The key difference between physical and chemical change is that physical change merely changes the shape and size of the substance while chemical change produces altogether new substance.
There are many who would be tempted to say that a change is a change and why to bother to make a distinction between physical and chemical change. But it is important to understand the differences between these two types of changes as they affect our lives and environment also.
1. Overview and Key Difference
2. What is Physical Change
3. What is Chemical Change
4. Side by Side Comparison – Physical and Chemical Change in Tabular Form
What is Physical Change?
You must have observed changes in daily life too. Your fridge converts water into ice and your humidifier converts water into steam. Both are physical changes as they are merely changing the form of matter and the reactions are reversible. Ice readily changes into the water while steam also converts into water upon cooling. When you crush a can, you are merely causing a physical change in the shape and size of the can. Similarly, when you add salt or sugar to water to make solutions, it is a physical change as you can easily separate salt and sugar from the solutions to get original substances.
Examples of some physical changes include followings:
- Mixing sand and water
- Boiling water
- Cutting a paper into small pieces
- Chopping wood
- Melting an ice cube
What is Chemical Change?
A chemical change is a reaction in which matter converts into another type of matter. The reaction is irreversible and you cannot get back the earlier material. When the body of your car rusts, it is a chemical change (oxidation of iron to produce rust). Similarly, when you burn wood, you get ash and charcoal which have different properties from wood and you cannot reverse the process to get back wood. On the other hand, no matter how many small pieces of a paper you cut, it still remains paper and there are no changes in its properties; hence it is not a chemical change, but a physical change. But if you burn paper, what you get is carbon and not paper. Therefore a change, if it results in altogether different substances is a chemical change (while if the properties of the substance remain the same, it is called a physical change).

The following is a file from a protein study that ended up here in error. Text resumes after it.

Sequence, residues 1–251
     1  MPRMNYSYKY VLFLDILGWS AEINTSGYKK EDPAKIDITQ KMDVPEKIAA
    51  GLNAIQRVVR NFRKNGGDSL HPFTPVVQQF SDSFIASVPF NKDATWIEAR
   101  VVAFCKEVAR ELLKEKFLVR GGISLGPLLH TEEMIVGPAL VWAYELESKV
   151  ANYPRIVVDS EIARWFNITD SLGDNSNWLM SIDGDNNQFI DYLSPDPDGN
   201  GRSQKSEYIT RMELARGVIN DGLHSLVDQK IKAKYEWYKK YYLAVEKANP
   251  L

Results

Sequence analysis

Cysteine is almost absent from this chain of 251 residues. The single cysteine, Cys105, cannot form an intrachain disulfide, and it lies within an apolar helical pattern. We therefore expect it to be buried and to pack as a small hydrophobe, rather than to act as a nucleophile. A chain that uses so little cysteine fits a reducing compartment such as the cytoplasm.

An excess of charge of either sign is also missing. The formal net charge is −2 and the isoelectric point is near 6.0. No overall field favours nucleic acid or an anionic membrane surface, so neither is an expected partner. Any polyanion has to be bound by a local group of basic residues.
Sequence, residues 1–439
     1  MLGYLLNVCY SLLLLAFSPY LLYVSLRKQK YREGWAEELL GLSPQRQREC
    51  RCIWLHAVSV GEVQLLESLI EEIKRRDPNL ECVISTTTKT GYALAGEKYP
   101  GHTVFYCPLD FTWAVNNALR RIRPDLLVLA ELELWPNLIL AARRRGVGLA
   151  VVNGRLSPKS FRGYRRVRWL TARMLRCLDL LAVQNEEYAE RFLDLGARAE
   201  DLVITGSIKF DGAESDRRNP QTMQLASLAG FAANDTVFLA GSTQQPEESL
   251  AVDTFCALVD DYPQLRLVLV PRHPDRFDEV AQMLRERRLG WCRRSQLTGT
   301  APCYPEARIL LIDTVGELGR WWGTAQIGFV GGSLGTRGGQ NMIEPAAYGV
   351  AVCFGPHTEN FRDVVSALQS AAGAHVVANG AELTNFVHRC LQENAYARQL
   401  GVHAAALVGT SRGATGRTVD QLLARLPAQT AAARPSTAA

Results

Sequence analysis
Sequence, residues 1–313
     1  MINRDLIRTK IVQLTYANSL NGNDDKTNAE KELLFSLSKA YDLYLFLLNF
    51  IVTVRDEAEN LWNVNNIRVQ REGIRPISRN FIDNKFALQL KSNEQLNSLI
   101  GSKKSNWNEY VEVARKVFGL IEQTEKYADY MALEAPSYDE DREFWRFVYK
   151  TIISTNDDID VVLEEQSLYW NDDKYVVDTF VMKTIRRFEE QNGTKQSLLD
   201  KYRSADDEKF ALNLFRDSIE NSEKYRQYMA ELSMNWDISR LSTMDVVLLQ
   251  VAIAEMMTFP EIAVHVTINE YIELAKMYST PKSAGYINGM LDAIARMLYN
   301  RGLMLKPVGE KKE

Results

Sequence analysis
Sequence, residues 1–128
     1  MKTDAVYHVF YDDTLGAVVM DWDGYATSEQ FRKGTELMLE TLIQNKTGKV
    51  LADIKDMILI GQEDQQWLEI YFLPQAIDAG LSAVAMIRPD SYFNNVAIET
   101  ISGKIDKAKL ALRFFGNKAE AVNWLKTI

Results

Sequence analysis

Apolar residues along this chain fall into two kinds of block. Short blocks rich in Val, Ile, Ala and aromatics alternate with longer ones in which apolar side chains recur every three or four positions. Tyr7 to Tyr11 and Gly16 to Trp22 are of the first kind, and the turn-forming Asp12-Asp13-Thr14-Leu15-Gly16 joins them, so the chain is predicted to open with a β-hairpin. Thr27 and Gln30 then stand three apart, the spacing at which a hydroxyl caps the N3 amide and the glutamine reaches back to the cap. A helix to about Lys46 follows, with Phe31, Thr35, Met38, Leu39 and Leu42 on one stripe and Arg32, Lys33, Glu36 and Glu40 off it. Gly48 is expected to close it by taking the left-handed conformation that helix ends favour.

Examples of some chemical changes include:
- Burning wood
- Browning of food
- Cooking eggs
- Mixing acids with bases
- Brewing beer
What is the Difference Between Physical and Chemical Change?
Physical vs Chemical Change
|A type of change in which the form of matter is altered but one substance is not transformed into another.||A process where one or more substances are altered into one or more new and different substances.|
|Physical change is reversible||Chemical change is irreversible.|
|Speed of Change|
|Physical changes are fast.||Chemical changes are slow.|
|Only the state of matter changes while it still has the same properties.||The new substance formed has altogether different properties.|
Summary – Physical vs Chemical Change
Changes of matter can be either physical or chemical. The difference between physical and chemical change is that a physical change merely changes the shape and size of the substance while a chemical change produces altogether new substance.
1. Helmenstine, Anne Marie, Ph.D. “Physical Changes in Chemistry.” ThoughtCo, Apr. 11, 2018. Available here
2. Helmenstine, Anne Marie, Ph.D. “Chemical Change Definition in Chemistry.” ThoughtCo, Apr. 25, 2017. Available here
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umm man pretty use full for my chemistry home work
OK THANKS THIS HELPED ALOT WITH MY CHEMISTRY TEST ……..:)